ipsec.conf man page

ipsec.conf — IPsec configuration and connections


The ipsec.conf file specifies most configuration and control information for the Libreswan IPsec subsystem. (The major exception is secrets for authentication; see ipsec.secrets(5).) Its contents are not security-sensitive. Configurations can be added using this configuration file or by using ipsec whack directly. This means that technically, the ipsec.conf file is optional, but a few warning might show up when this file is missing.

The file is a text file, consisting of one or more sections. White space followed by # followed by anything to the end of the line is a comment and is ignored, as are empty lines which are not within a section.

A line which contains include and a file name, separated by white space, is replaced by the contents of that file, preceded and followed by empty lines. If the file name is not a full pathname, it is considered to be relative to the directory containing the including file. Such inclusions can be nested. Only a single filename may be supplied, and it may not contain white space, but it may include shell wildcards (see sh(1)); for example:

include /etc/ipsec.d/*.conf

The intention of the include facility is mostly to permit keeping information on connections, or sets of connections, separate from the main configuration file. This permits such connection descriptions to be changed, copied to the other security gateways involved, etc., without having to constantly extract them from the configuration file and then insert them back into it. Note also the also and alsoflip parameters (described below) which permit splitting a single logical section (e.g. a connection description) into several actual sections.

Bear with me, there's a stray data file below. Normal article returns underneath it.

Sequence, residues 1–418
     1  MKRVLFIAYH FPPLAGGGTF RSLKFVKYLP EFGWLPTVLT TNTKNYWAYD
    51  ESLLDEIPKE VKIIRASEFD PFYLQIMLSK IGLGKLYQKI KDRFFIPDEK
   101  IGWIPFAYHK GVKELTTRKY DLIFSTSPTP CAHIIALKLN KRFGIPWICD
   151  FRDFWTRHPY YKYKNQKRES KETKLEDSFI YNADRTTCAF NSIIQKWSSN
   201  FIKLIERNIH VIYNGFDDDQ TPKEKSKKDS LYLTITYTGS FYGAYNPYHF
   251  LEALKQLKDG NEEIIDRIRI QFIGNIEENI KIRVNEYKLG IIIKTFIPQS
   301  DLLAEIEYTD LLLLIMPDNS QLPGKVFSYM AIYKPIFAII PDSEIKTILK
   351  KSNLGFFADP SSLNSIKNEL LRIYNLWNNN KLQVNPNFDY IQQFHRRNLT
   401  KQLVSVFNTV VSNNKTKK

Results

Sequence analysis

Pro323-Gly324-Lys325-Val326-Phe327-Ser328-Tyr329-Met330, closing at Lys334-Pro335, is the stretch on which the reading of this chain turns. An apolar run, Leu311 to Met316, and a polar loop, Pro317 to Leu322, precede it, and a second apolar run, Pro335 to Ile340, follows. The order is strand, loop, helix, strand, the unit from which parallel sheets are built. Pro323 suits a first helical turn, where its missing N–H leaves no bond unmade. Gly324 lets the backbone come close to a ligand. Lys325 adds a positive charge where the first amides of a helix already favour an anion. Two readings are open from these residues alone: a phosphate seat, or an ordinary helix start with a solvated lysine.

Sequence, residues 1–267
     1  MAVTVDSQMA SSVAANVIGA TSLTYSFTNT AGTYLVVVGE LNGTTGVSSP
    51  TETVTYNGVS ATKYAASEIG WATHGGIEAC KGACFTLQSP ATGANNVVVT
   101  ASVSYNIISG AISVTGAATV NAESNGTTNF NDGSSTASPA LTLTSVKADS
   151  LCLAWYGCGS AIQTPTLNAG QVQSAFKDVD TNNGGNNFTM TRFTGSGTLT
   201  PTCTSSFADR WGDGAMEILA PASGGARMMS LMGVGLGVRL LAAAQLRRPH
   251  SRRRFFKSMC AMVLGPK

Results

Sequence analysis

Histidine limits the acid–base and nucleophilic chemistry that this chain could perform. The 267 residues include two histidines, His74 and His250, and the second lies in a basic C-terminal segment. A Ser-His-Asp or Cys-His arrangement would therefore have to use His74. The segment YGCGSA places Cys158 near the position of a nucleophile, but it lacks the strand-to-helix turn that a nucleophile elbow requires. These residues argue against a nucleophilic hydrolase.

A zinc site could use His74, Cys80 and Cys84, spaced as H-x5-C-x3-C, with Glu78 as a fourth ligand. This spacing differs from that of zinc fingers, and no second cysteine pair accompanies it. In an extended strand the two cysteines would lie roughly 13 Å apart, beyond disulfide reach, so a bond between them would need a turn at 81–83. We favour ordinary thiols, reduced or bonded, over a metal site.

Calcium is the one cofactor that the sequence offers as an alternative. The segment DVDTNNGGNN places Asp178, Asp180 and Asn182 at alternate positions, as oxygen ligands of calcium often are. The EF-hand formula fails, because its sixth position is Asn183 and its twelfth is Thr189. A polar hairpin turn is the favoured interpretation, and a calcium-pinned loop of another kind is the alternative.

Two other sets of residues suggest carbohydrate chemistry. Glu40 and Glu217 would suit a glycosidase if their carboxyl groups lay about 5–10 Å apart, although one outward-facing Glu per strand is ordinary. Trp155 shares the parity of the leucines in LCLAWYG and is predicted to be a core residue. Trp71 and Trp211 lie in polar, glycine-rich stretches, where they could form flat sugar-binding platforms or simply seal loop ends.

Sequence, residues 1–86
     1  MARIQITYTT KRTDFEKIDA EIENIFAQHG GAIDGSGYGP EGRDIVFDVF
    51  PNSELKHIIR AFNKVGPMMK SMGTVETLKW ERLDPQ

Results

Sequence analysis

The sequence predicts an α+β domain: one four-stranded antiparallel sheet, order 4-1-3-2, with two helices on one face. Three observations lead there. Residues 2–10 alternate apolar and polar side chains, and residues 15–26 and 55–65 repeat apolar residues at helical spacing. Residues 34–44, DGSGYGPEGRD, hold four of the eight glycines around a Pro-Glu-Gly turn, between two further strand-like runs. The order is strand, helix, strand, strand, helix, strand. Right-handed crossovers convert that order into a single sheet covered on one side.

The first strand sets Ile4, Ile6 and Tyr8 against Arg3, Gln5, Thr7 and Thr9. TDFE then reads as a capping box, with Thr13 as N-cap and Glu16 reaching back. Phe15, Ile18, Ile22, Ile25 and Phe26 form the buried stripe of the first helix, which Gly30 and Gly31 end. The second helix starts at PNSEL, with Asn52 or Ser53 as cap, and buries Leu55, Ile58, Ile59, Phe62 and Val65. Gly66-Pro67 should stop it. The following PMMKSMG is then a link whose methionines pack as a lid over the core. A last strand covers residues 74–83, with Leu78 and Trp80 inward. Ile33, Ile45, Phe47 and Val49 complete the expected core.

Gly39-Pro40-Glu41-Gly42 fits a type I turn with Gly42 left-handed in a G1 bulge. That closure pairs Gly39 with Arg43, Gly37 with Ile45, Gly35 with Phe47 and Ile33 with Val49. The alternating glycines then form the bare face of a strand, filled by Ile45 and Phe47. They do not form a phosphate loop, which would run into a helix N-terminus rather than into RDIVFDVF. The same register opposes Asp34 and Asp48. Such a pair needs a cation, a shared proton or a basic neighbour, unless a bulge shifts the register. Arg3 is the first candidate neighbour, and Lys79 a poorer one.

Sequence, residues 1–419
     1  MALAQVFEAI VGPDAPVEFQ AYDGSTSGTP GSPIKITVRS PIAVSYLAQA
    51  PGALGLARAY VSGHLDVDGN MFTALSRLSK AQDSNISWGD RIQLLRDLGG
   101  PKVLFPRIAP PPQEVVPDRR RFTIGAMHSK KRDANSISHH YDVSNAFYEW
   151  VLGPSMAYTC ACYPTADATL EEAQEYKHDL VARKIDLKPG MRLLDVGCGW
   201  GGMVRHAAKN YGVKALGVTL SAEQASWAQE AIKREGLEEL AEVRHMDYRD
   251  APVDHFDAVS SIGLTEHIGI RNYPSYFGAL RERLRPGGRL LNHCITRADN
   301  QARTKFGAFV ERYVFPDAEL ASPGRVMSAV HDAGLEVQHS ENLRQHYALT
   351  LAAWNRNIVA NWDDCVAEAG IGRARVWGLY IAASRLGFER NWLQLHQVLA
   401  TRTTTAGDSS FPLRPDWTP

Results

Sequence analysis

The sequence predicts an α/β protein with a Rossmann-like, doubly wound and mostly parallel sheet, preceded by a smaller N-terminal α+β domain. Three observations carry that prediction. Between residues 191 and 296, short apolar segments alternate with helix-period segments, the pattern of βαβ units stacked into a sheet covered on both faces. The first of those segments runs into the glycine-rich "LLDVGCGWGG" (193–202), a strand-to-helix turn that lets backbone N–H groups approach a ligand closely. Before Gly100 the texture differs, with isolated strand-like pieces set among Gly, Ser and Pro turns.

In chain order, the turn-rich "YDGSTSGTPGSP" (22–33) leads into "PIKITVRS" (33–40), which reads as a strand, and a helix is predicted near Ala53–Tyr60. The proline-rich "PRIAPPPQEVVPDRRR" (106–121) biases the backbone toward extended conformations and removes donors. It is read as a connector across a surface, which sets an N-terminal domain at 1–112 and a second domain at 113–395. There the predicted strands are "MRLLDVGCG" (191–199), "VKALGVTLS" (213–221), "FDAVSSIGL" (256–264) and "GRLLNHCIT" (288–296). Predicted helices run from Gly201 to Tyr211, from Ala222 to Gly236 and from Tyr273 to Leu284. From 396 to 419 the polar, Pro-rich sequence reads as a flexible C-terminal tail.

The first significant line of the file may specify a version of this specification for backwards compatibility with freeswan and openswan. It is ignored and unused. For compatibility with openswan, specify:

version 2

A section begins with a line of the form:

type name

where type indicates what type of section follows, and name is an arbitrary name which distinguishes the section from others of the same type. (Names must start with a letter and may contain only letters, digits, periods, underscores, and hyphens.) All subsequent non-empty lines which begin with white space are part of the section; comments within a section must begin with white space too. There may be only one section of a given type with a given name.

Lines within the section are generally of the form


(note the mandatory preceding white space). There can be white space on either side of the =. Parameter names follow the same syntax as section names, and are specific to a section type. Unless otherwise explicitly specified, no parameter name may appear more than once in a section.

An empty value stands for the system default value (if any) of the parameter, i.e. it is roughly equivalent to omitting the parameter line entirely. A value may contain white space only if the entire value is enclosed in double quotes ("); a value cannot itself contain a double quote, nor may it be continued across more than one line.